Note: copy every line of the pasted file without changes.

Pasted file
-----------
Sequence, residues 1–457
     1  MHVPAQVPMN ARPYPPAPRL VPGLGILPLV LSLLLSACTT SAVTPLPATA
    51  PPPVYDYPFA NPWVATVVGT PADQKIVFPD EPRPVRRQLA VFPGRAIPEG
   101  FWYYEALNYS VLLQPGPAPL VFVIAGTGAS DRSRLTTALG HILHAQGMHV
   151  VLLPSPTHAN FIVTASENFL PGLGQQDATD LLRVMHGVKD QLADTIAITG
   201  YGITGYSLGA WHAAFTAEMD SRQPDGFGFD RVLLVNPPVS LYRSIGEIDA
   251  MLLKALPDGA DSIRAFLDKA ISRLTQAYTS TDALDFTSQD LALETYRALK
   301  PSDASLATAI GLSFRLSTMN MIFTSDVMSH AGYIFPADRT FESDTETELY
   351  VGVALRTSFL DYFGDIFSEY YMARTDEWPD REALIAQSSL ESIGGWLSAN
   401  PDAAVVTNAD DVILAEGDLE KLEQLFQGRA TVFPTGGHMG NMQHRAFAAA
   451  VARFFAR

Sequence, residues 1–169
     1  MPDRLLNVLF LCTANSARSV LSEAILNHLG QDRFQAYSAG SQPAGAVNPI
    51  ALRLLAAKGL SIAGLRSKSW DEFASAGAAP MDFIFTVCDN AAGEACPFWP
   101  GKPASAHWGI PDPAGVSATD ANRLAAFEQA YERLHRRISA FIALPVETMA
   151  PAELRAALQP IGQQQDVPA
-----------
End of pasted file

Sequence, residues 1–457
     1  MHVPAQVPMN ARPYPPAPRL VPGLGILPLV LSLLLSACTT SAVTPLPATA
    51  PPPVYDYPFA NPWVATVVGT PADQKIVFPD EPRPVRRQLA VFPGRAIPEG
   101  FWYYEALNYS VLLQPGPAPL VFVIAGTGAS DRSRLTTALG HILHAQGMHV
   151  VLLPSPTHAN FIVTASENFL PGLGQQDATD LLRVMHGVKD QLADTIAITG
   201  YGITGYSLGA WHAAFTAEMD SRQPDGFGFD RVLLVNPPVS LYRSIGEIDA
   251  MLLKALPDGA DSIRAFLDKA ISRLTQAYTS TDALDFTSQD LALETYRALK
   301  PSDASLATAI GLSFRLSTMN MIFTSDVMSH AGYIFPADRT FESDTETELY
   351  VGVALRTSFL DYFGDIFSEY YMARTDEWPD REALIAQSSL ESIGGWLSAN
   401  PDAAVVTNAD DVILAEGDLE KLEQLFQGRA TVFPTGGHMG NMQHRAFAAA
   451  VARFFAR

Sequence, residues 1–169
     1  MPDRLLNVLF LCTANSARSV LSEAILNHLG QDRFQAYSAG SQPAGAVNPI
    51  ALRLLAAKGL SIAGLRSKSW DEFASAGAAP MDFIFTVCDN AAGEACPFWP
   101  GKPASAHWGI PDPAGVSATD ANRLAAFEQA YERLHRRISA FIALPVETMA
   151  PAELRAALQP IGQQQDVPA